Carver Commons, Thacher School
Gregory, Daniel, On Campus: A Design View, Thacher Magazine. Fall, 2009
Carver Commons, Thacher School
Founded in 1889, Thacher School is set on a former cattle ranch at the base of the Topatopa Mountains overlooking a valley that runs 30 miles to the Pacific. The hillside campus is a 24 / 7 academic community of 235 students, 40 faculty, and 140 horses. Demanding studies combined with rugged outdoor life on a former cattle ranch take place on grounds expressive of school philosophy. Insertion of the Arts Building and Commons into the school's historic core prompted evaluation both of the existing campus layout and its powerful setting, the latter a quality often ignored in most of the earlier campus buildings. We saw this two-building project as a chance to explore ways to take better advantage of this remarkable landscape.
Exploiting Building / Site Relationship: One goal was to explore the advantages of constructing two different buildings side by side to maximize usefulness of adjoining outdoor spaces and enhance the overall campus experience. American campus tradition treats outdoor spaces as functional and often, symbolic components of an ideal landscape and a source of institutional identit but there are few models for how this works in mountainous terrain. At Thacher, the semi-arid ecology and beautiful views of looming peaks bring to mind the Greek landscape and with it, ancient planning strategies aimed at establishing clear relationships between sacred buildings and prominent topographic features to heighten awareness of the natural world and humanity's place in it. The setting of the school's running track looks amazingly like theancient one at Delphi.
Double-functioning Space: Two building programs were designed as one to increase efficiency and avoid redundancy. The Commons not only provides relaxed spaces for student, faculty, alumni, and conference use but also serves as lobby / reception / rest room facility for events in either building. Music practice rooms on its lower level are conveniently close to the stage door and rehearsal rooms of the Arts Building. Circulation is concentrated in a sky-lit central corridor (a "socio-petal space") interpreted like a Parisian shopping arcade with café, post office, school store. It doubles as a gallery for student work or traveling exhibitions. A tack- board kiosk, ("The Toad") provides pinup information, internet access, and soft drinks. The adjacent multi-purpose room expands the café for events.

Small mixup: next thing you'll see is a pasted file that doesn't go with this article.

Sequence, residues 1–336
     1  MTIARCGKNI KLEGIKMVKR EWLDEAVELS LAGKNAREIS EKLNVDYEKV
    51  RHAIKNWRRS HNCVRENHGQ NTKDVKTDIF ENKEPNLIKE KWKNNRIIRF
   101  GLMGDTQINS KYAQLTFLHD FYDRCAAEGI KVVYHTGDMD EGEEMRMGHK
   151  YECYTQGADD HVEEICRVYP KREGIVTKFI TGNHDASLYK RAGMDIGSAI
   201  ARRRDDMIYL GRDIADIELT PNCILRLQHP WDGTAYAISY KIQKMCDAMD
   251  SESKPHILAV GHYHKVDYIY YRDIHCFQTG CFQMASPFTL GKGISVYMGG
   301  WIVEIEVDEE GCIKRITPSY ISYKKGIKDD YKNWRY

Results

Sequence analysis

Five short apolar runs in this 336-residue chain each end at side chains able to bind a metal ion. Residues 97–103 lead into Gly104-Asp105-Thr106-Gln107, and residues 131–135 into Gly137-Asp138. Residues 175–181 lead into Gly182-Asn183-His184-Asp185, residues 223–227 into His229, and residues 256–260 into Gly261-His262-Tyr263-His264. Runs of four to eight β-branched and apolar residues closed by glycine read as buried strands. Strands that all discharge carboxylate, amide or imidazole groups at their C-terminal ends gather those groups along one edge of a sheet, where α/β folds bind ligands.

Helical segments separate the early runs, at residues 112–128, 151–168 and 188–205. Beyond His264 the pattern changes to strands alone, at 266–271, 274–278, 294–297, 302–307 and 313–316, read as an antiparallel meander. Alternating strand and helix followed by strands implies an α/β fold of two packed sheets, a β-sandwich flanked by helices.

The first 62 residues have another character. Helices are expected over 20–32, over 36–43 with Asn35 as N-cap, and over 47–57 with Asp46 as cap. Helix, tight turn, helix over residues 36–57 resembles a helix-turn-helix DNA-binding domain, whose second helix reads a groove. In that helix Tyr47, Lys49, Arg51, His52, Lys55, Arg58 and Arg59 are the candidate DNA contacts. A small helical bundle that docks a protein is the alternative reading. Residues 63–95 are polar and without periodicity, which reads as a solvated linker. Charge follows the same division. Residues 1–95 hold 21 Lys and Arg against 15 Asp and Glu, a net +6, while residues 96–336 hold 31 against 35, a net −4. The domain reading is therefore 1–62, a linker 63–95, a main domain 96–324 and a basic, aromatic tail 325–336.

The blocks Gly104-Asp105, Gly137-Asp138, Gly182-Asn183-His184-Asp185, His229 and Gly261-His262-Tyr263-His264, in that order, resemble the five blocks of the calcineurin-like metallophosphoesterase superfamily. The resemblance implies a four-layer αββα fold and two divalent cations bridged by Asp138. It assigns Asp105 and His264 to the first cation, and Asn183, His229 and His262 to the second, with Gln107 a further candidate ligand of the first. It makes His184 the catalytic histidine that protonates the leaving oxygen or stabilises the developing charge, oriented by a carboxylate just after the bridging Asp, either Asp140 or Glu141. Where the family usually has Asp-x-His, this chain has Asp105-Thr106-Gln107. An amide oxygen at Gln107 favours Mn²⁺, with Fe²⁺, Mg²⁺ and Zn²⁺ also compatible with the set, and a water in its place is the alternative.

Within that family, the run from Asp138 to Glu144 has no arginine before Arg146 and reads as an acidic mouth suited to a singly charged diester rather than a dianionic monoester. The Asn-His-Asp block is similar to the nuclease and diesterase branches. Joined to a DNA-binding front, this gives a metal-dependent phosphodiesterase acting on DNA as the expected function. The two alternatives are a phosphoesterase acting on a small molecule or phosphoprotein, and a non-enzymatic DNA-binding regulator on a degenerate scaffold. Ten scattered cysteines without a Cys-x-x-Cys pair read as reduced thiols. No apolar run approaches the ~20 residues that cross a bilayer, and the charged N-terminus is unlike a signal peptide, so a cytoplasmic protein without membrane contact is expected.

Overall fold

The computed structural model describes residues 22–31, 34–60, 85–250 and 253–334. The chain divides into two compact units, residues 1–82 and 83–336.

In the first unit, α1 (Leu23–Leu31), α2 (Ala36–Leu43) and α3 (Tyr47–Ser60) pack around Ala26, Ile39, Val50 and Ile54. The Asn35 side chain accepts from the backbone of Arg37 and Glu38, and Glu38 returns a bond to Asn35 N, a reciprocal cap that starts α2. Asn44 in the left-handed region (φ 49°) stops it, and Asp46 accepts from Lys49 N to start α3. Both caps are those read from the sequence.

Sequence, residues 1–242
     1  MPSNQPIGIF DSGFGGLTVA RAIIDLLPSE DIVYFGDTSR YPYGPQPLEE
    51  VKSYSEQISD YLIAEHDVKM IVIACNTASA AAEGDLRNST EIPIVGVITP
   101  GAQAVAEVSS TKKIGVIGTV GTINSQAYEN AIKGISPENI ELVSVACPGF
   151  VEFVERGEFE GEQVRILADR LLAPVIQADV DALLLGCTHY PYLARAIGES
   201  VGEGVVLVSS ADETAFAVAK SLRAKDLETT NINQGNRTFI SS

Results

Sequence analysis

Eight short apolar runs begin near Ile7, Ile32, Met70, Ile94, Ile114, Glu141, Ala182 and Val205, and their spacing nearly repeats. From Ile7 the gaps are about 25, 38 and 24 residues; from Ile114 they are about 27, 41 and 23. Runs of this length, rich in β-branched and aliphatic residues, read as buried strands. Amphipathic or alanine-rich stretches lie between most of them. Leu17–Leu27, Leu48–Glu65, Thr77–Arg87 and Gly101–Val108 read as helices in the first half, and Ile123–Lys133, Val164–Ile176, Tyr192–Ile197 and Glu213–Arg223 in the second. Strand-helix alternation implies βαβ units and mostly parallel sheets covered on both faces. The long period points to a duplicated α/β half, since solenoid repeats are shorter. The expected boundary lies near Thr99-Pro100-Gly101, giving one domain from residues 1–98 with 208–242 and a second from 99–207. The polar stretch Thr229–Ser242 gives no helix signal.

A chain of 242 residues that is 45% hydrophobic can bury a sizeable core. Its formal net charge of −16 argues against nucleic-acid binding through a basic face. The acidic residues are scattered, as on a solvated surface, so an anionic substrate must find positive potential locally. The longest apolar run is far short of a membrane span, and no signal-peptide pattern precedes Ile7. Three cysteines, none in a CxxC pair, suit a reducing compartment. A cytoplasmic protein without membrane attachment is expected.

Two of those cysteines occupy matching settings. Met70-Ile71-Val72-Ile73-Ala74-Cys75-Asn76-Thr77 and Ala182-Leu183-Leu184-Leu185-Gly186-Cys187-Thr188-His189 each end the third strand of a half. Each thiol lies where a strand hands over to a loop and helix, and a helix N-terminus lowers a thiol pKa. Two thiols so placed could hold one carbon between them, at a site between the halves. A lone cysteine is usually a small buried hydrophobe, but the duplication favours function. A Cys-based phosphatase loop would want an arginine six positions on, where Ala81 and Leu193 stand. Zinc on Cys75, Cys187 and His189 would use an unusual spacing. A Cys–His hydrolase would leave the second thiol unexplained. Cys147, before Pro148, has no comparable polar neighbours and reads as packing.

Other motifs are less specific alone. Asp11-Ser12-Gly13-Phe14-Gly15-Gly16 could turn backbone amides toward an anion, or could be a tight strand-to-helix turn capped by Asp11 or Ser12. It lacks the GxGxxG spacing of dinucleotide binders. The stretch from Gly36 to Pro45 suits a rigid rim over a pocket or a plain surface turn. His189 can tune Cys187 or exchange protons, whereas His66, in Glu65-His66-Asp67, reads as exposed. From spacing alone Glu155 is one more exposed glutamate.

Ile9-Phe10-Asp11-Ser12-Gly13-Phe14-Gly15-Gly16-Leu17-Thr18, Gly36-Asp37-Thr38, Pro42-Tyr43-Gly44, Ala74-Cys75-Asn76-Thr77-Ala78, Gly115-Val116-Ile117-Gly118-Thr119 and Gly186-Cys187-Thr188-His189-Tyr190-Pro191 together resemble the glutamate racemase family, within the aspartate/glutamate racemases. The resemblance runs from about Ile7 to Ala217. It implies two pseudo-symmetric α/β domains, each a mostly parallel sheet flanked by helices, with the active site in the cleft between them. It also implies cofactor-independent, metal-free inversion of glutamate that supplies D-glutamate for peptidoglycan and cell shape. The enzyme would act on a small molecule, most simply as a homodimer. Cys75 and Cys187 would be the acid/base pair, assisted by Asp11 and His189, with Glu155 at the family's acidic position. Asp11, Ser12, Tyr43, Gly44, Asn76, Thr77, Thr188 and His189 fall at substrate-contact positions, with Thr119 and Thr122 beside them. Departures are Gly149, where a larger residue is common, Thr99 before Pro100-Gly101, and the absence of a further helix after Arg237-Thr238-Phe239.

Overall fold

Clarifying and Capturing: The buildings resolve a conflicted part of the campus plan and shape a space that accommodates intermission crowds, casual student use, and ceremonial functions. They also frame new view corridor to the west. The Arts Building borders a venerated triangular playing field then cranks to align with the north/south grid of the central campus and form a strong corner for the open lawn to the north. The Commons anchors the new project at the old Pergola at the center of the school. Its cantilevered deck and window wall afford a sweeping overlook of the valley. Building alignments and tall windows in the auditorium, rehearsal rooms, and café make distant mountain views the focus of major spaces.
Sustainability and Regional Vernacular: Vernacular building forms and materials enclose a technically complex program, responding to climate and natural features in a way that unifies the larger landscape. Contemporary spatial concepts, detailing, construction, and planting and lighting design are overlaid. Orientation, daylight penetration, roof overhangs and sun screens, grading and foundation design, natural ventilation / HVAC systems, and materials selections all reflect a balance between limiting construction cost and maximizing life-cycle performance. Stucco, architectural concrete, metal siding and metal roofing predominate. Client-requested wood siding is used sparingly.
Photography: Benny Chan, Fotoworks